Another Holy Grail for achieving balance during recording in the digital domain is to stop pinning the recording levels! In the days of analogue tape and noisier electronics, it was vital that engineers set the recording levels to tape as close to maximum without clipping, to ensure the best possible signal-to-noise character of the recording. Most engineers in the digital domain still use this approach and it is not necessary because of the incredible signal-to-noise integrity of modern digital audio electronics (negligible noise with spectacular transparency). Even entry-level digital audio gear can handle resolutions of 24 bit/96kHz easily so there is no excuse for us not to be using this in our productions – the benchmark recordings are. Yes we need to deliver a 16/44.1 final product but more on than that in a future article. Right now, we’re concentrating on the 70% philosophy!
When your DAW session is prepped, routed and ready to go, let the music’s dynamics determine the recording levels, it is that simple! The benchmark that we should be striving for is to present the mix engineer with recordings where they can bring all the faders up to unity gain on their console (virtual or hardware) and already have a wonderfully balanced mix. This is only be possible if we use our 70% philosophy, and it isn’t rocket science to achieve if we allow the recording levels to mirror reality – i.e. optimising your gain structure to receive the signal and then let the music dictate the levels-to-tape itself. It sounds simple, because it is!
Mix engineers often need to ride faders and use complex automation because the recording engineer (often the same person) has been level watching and ignoring what the music is actually delivering. A soft sound or passage of music will have a low/softer recording level and vice versa – leave it that way! Let the recording levels mirror the dynamics of the performance and don’t kill yourself trying to get hot levels – it is counterproductive.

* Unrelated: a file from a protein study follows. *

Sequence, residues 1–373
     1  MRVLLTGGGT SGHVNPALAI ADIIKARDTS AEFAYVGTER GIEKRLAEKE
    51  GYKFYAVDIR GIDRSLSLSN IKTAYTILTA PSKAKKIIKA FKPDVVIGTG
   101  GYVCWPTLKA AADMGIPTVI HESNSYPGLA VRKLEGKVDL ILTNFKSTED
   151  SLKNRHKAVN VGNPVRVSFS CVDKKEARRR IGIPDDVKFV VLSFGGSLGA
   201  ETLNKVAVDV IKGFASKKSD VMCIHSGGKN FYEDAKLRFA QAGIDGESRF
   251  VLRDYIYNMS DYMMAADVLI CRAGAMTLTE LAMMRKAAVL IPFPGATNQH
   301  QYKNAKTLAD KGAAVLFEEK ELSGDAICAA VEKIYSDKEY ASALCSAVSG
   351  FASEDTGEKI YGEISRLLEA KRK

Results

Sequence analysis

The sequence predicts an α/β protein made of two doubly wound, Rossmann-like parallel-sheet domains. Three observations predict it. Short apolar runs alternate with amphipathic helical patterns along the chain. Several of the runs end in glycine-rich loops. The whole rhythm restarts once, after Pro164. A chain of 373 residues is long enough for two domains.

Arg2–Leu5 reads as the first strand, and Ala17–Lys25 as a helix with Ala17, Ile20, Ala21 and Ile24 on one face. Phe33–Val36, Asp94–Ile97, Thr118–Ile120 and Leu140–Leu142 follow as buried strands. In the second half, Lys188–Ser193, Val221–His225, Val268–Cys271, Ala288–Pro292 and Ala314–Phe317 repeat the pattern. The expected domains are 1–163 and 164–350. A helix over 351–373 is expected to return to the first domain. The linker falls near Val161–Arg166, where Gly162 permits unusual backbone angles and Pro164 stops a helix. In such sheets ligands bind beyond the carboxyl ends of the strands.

Many engineers believe they cannot achieve a LOUD production if they don’t have high recording levels? Rubbish! If you record a soft sound loud, you will simply have to pull its fader down in the mix.
The best sounding productions (regardless of genre) have dynamics, period.
In summary, the 70% philosophy will support us to produce superb productions that are engaging, powerful and exciting by being sure, before we press record, that the performance and tones are balanced. Once we’ve achieved the 70% philosophy we can sit back, relax and enjoy the music and the production process with the peace of mind of knowing that we have captured something special and don’t have to rely on the mixing and mastering. Our love of music is what brought us into this crazy business in the first place, so, let’s enjoy ourselves and stop hoping we will receive a great production back from the mastering engineer because we ensured that by the time our finger hit the record button, we had nailed it already!
Until next time, have fun, don’t monitor too loudly and let your love of music dictate how you work and don’t obsess that you have to have X preamp or Y speakers. The listener doesn’t care!
David Maclean | a Brief Biography – The 70% Philosophy
David Maclean is a mastering engineer, educator and business executive with two decades of experience in the music industry and tertiary education sector. David is the Director of SAE Institute South Africa and is based at their campus in Cape Town. The SAE Group has 54 campuses across the globe. David understands the attitudes and opinions of the industry professionals within the creative media industries and the educators and authorities within Higher Education in South Africa and abroad based on his unusual portfolio of skills in business, education and creative media technologies.